State v. Chun
In March 2008, the New Jersey Supreme Court decided State v. Chun, the most important DWI / DUI case in New Jersey history. Evan Levow represented the lead defendant in State v. Chun.
Chun has set the standard for DWI / DUI prosecution and defense for the state of New Jersey. It has established the procedures and protocols used by defense attorneys and prosecutors to deal with breath testing issues in New Jersey, and in some instances nationwide.
Levow DWI Law, P.C. is also the only law firm in New Jersey to own both the original breath testing machine, the Draeger® Breathalyzer 900, and the newer Draeger Alcotest® 7110 MKIII-C, the breath testing machine now used in the State.
Because of our involvement in State v. Chun, owning the machine, and because the lawyers in our firm have undergone the Draeger factory certification training on the Alcotest® 7110 MKIII-C, the attorneys of Levow DWI Law, P.C. are particularly qualified to represent clients charged with DWI / DUI in New Jersey.Defending DWI in New Jersey After State v. Chun
The continuing defense and prosecution of DWI in New Jersey is based on the Chun litigation and its after-shocks.
One of the major issues developed in the litigation was the ability to obtain the downloaded data from the machine. This electronic information is resident in the individual Alcotest® machines, and is now downloaded on a bi-annual basis. The information should be obtained by the defense attorney and analyzed by an expert familiar with the data. Many cases have been resolved favorably based on proofs that the operation of the machine has been compromised in some way.
Other issues include a now mandatory twenty minute observation period prior to administration of the breath testing.
It is critical to have qualified defense counsel that understand the issues involving the Alcotest®. Because Evan Levow represented the lead defendant in Chun, Levow DWI Law, P.C. has a unique perspective on how to defend DWI cases in New Jersey after State v. Chun. Please contact us to discuss how we can help you.Background of State v. Chun
New Jersey had been using the Draeger Breathalyzer® for several decades before seeking an automated machine, one that reported results not dependent on the machine operators. In 1998, New Jersey began testing different machines, and by 2002, the State was ready for a pilot test of its new machine, the Alcotest®.
Pennsauken Township ran over 350 tests on the new machine, and the State used these tests as the basis for a scientific reliability hearing on the Alcotest® in a case called State v. Foley. Foley was litigated in the Camden County Law Division, and resulted in a finding of reliability in a published opinion, State v. Foley, 370 N.J.Super 341 (Law Div. 2003).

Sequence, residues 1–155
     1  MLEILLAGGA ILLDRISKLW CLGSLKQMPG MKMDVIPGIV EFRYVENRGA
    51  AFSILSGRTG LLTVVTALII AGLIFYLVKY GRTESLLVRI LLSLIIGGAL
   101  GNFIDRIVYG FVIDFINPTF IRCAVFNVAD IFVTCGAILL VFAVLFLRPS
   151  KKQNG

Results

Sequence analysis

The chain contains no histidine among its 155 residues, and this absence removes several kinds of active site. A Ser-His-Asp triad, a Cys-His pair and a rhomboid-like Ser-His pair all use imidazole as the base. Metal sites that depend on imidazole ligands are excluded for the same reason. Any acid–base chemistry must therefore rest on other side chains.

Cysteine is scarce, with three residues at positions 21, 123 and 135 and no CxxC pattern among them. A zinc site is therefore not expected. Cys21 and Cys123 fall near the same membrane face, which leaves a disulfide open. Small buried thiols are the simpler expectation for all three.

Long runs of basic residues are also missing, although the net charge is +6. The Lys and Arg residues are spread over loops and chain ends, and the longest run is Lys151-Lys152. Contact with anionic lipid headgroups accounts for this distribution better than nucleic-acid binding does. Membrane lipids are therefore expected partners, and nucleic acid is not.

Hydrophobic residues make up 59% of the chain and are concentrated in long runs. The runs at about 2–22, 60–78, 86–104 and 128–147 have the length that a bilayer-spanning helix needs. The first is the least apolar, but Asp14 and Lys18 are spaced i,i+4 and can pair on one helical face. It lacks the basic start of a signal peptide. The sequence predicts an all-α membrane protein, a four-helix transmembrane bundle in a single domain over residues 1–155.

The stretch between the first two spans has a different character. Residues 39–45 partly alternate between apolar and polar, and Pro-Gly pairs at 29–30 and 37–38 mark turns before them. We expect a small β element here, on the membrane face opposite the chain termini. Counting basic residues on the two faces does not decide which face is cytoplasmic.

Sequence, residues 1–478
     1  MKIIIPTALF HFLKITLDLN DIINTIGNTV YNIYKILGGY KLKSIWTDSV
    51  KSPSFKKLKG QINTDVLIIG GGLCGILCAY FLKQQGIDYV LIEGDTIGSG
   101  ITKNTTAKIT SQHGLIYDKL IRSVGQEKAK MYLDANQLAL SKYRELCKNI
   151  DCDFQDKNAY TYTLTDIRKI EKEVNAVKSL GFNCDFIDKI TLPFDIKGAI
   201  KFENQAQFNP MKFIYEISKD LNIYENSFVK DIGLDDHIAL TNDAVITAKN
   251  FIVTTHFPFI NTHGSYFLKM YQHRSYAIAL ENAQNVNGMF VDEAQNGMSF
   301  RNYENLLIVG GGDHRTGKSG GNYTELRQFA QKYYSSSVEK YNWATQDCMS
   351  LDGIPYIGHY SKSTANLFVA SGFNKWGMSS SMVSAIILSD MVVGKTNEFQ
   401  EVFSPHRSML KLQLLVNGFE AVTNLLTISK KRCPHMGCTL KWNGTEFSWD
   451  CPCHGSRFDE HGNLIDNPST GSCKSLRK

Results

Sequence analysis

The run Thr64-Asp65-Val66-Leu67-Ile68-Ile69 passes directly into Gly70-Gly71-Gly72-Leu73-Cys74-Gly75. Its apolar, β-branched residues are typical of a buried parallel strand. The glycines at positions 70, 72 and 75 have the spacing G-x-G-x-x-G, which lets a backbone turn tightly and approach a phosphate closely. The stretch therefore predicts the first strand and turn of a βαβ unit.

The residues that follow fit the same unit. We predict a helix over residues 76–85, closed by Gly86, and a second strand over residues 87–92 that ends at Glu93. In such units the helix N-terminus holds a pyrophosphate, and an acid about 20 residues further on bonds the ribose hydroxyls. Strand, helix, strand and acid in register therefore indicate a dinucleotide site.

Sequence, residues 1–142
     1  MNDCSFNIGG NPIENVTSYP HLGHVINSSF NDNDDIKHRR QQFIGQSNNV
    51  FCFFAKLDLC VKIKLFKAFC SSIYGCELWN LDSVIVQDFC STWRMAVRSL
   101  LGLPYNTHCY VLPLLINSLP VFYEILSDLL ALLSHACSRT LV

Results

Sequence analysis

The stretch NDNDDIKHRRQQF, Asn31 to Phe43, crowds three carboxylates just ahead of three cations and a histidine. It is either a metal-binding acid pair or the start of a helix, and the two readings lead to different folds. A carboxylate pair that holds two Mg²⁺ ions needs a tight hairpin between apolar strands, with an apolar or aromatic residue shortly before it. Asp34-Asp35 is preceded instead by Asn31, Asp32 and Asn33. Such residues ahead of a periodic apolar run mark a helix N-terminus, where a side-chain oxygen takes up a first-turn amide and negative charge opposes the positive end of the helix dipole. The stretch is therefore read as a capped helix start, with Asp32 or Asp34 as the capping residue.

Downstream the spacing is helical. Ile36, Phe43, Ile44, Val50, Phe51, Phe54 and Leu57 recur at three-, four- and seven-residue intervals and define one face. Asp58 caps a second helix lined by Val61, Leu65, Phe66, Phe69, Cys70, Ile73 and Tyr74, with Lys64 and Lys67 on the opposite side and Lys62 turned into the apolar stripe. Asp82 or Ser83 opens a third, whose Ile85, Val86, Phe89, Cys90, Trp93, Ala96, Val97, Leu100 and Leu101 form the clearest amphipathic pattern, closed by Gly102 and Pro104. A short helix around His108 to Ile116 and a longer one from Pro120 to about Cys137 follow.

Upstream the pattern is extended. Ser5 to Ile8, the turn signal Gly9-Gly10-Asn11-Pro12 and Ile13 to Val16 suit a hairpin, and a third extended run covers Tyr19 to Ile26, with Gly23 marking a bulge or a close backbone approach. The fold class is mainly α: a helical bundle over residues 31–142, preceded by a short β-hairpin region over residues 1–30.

However, because the State did not seek the review of an appeals court, based on court rules that require an appellate level determination of the scientific reliability of new technology, or a new device, Foley was only controlling as the law in Camden County, not the rest of the state.
After the State made changes to the machine as suggested in Foley, it began to roll out the machine throughout the 21 counties in New Jersey in 2005.
As drivers started getting arrested on the new machine, a group of attorneys challenged the machine, again, claiming that it was not reliable, and the reliability finding in Foley didn't apply throughout the state. An appeals court agreed that a new hearing had to be undertaken, and the New Jersey Supreme Court took control of the case known as State v. Chun, et al.
The Supreme Court named a Special Master to hear evidence and make findings and recommendations to the Court, so that it could determine the scientific reliability of the Alcotest® and whether it could be used throughout New Jersey.
The case lasted through March 2008, more than three years, when the Supreme Court determined that with certain safeguards, the machine was in fact reliable. State v. Chun, 194 N.J. 54, cert. den. 129 S.Ct. 158 (2008).
During the litigation, several critical issues were raised by the defense team and by the defense experts. However, despite these issues, the Supreme Court found the machine to be reliable.The Breath Test Results in the Chun Case Were Excluded From Evidence!
Ironically, based on theories developed in the Supreme Court litigation, the breath test results in the underlying case of State v. Chun were suppressed by the judge hearing the case.
After the Supreme Court's decision in the reliability hearing, and after other legal issues in the case were addressed, the case of State v. Chun was sent back to the New Brunswick Municipal Court for trial. During the officer's testimony as to how he conducted the breath testing of Ms. Chun, he stated that he changed the mouth piece after Ms. Chun's fifth blow into the machine. Testing protocol requires that the mouth piece be changed after each blow into the machine. As a result of this error, alone, the trial court excluded the breath test results from evidence, and Ms. Chun was acquitted of the per se DWI.
State vs. Chun & The Alcotest Breath Testing Machine